In 1548 Burkard Waldis published his version of an Aesopian Fable collection. The title promises Aesopian fables “completely renewed” with a hundred “new fables” never published before. What the ‘new’ entails is never established by the author, but an analysis of the text shows that it challenges our modern understanding of the fable. Waldis presents tales that follow a typical fable format: short little stories with animals followed by a short sentence with a moral lesson.
However, Waldis also presents long stories featuring human actors stories told from a first-person perspective, as well as songs, proverbs, quotes from the Bible and from classical authors. In this talk I argue that the diversity Waldis’s text gathers under the concept of the fable can be understood as a way of dealing with the overwhelming experience of a fast-changing world: new technologies like the printing press, new religious points of view, the growing influence of money economy, war, and so on. Waldis’s text presents a critical point of view about the world that “everybody calls new now”. His medium of choice for giving advice for such a world is an old one: the fable.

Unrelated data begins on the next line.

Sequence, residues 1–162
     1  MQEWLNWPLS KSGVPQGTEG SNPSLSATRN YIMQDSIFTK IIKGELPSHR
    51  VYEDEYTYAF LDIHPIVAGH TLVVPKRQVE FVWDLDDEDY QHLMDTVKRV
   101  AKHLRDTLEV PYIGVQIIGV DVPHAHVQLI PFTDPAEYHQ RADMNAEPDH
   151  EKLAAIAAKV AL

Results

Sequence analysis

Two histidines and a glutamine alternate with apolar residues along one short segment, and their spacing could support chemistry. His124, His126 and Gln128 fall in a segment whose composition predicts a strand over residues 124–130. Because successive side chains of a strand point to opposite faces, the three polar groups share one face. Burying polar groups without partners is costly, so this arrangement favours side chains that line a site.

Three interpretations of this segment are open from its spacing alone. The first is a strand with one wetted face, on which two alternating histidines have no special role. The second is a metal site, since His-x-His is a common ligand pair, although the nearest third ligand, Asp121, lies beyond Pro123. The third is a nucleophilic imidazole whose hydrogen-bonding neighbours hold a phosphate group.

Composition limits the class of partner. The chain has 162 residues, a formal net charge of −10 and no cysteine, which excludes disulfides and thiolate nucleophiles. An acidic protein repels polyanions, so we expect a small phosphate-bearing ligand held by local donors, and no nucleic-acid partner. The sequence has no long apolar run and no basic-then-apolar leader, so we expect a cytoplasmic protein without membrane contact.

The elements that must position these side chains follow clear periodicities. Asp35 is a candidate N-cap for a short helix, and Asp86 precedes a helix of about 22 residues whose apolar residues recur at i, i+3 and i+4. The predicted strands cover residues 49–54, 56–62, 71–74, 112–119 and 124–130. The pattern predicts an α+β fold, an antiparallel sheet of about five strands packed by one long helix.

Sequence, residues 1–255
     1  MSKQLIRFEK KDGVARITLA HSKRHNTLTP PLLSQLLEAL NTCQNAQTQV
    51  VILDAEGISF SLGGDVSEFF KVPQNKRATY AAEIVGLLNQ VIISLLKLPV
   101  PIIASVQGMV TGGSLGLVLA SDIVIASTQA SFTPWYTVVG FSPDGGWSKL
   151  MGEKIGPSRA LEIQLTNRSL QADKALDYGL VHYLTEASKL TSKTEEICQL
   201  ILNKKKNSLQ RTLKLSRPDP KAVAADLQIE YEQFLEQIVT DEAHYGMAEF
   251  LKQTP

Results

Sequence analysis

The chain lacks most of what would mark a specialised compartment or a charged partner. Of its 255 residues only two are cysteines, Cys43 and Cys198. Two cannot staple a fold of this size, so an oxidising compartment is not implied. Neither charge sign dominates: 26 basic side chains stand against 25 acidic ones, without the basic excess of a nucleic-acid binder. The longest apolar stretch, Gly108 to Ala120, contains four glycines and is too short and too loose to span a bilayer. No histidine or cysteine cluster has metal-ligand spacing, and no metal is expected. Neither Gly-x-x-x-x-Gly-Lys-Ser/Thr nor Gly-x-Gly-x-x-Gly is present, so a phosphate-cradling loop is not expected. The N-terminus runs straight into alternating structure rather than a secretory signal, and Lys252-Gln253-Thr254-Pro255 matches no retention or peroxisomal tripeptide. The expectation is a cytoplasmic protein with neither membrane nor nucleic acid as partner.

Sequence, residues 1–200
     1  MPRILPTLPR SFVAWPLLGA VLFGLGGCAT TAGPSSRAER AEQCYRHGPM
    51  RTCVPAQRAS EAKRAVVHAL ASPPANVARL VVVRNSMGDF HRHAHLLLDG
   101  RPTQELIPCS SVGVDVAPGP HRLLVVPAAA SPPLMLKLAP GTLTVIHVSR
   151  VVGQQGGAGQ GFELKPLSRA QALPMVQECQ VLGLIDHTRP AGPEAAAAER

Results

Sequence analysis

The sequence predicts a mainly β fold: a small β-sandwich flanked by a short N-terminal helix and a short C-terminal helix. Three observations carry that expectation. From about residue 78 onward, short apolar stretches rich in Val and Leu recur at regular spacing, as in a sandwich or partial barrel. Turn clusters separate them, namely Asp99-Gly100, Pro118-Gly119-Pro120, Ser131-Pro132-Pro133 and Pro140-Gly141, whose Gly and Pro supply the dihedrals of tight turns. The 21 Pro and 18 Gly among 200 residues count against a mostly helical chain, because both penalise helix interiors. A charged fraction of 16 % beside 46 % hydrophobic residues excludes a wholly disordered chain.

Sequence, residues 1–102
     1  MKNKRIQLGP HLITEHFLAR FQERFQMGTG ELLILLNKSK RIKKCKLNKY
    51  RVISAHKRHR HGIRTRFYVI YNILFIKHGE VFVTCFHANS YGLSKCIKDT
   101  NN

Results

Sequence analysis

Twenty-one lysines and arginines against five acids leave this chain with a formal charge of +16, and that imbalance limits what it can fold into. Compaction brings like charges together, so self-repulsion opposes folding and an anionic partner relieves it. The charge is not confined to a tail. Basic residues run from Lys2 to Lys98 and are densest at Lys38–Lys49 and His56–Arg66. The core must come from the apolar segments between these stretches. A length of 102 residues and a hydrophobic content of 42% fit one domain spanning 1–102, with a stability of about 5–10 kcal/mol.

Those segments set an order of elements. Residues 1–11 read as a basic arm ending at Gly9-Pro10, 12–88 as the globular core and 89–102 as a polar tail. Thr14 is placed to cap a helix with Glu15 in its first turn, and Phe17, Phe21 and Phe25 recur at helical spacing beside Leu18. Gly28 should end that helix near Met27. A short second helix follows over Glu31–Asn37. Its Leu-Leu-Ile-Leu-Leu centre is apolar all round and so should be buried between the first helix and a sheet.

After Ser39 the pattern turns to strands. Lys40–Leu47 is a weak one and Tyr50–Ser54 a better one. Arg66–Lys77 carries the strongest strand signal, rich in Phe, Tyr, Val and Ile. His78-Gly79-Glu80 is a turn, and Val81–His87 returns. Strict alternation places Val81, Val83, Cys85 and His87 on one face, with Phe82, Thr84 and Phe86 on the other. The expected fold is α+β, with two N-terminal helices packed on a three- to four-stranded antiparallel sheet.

Cosponsored by The Department of Germanic and Slavic Studies, Medieval Studies, and the SJU D.R.A.G.E.N. Lab.
For more information, please contact Ann Marie Rasmussen.
About the Speaker
Inci Bozkaya is a research assistant at the University of Mannheim, in Germany, and specializes in Medieval Studies.